Wednesday, July 10, 2024

USPS Metadata Surveillance Program

Tim Cushing:

The USPS wasn’t filing its required paperwork tracking government requests for snail mail info. The USPS rarely rejected another government agency’s demand for mail metadata. And the problems weren’t minute. The forms detailing compliance with government demands for data often weren’t being filed until more than two years after those reports were due.


It wasn’t until 2023 that Congress made a move to shut the program down — citing not only some concerning privacy violations but the lack of evidence showing easy access to weeks or months of mail snapshots was essential to law enforcement investigations. Roughly a year later, that request from Congress has gone nowhere.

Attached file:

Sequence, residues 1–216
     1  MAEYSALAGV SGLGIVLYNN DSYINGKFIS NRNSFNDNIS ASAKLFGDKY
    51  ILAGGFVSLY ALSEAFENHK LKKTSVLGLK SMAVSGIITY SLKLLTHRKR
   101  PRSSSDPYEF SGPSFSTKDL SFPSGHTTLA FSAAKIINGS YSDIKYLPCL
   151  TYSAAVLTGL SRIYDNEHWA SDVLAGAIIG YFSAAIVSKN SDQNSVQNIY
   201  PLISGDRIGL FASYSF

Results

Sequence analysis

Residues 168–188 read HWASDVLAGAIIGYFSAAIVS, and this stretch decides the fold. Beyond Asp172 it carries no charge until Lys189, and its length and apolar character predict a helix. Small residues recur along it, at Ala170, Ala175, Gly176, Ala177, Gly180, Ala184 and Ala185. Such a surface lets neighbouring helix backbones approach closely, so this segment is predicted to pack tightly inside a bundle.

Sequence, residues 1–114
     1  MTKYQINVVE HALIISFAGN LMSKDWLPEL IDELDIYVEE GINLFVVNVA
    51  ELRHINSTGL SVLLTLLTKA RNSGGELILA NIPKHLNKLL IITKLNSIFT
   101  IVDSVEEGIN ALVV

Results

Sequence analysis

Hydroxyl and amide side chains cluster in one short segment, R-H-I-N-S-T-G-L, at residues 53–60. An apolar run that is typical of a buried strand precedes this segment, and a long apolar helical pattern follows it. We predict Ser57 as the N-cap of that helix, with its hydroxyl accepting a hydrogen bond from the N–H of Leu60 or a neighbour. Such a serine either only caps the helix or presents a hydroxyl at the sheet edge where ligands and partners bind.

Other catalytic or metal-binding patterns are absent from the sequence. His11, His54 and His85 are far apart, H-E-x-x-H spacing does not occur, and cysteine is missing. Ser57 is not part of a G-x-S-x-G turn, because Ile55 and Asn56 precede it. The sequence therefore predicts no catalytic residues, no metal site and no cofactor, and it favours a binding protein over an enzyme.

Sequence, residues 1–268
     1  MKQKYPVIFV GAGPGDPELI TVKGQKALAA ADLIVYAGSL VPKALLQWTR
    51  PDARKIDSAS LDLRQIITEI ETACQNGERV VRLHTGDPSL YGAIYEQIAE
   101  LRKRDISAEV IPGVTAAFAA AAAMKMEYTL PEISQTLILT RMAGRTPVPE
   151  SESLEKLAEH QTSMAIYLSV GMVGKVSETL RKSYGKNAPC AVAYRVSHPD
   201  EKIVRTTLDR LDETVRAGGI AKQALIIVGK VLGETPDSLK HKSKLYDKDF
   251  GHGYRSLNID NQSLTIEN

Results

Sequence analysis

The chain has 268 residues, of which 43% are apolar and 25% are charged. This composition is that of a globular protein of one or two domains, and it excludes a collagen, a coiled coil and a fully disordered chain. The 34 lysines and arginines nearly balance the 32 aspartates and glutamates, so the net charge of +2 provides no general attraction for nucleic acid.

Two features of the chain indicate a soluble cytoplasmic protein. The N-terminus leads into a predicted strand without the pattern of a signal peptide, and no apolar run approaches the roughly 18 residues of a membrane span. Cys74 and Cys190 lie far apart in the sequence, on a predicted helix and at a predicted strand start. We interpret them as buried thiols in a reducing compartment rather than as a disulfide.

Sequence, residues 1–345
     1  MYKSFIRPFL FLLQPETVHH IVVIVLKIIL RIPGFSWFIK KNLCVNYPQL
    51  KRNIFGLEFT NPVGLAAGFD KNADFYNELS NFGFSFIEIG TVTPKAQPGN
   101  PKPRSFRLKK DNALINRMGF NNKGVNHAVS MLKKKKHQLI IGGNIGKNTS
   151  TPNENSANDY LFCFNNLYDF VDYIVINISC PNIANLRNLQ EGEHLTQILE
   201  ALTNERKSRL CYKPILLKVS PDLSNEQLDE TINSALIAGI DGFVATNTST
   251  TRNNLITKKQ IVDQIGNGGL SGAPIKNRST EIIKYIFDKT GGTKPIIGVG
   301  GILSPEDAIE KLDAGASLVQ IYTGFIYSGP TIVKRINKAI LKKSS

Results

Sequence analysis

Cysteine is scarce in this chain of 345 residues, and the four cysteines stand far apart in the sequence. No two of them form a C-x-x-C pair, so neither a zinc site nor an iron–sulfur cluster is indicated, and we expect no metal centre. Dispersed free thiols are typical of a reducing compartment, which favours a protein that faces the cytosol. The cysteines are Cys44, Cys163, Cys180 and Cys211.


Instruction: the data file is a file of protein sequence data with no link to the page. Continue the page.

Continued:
The USPS (quite reasonably) points out there’s no expectation of privacy in the information contained on the outside of mail. And that’s an understandable position to take… to a certain extent. But no postal worker on their own could compile this information on their own despite having access to this information. And even if they could, it could not be obtained in bulk after the fact because the USPS and its employees would need to know what mail to track beforehand to generate these records.


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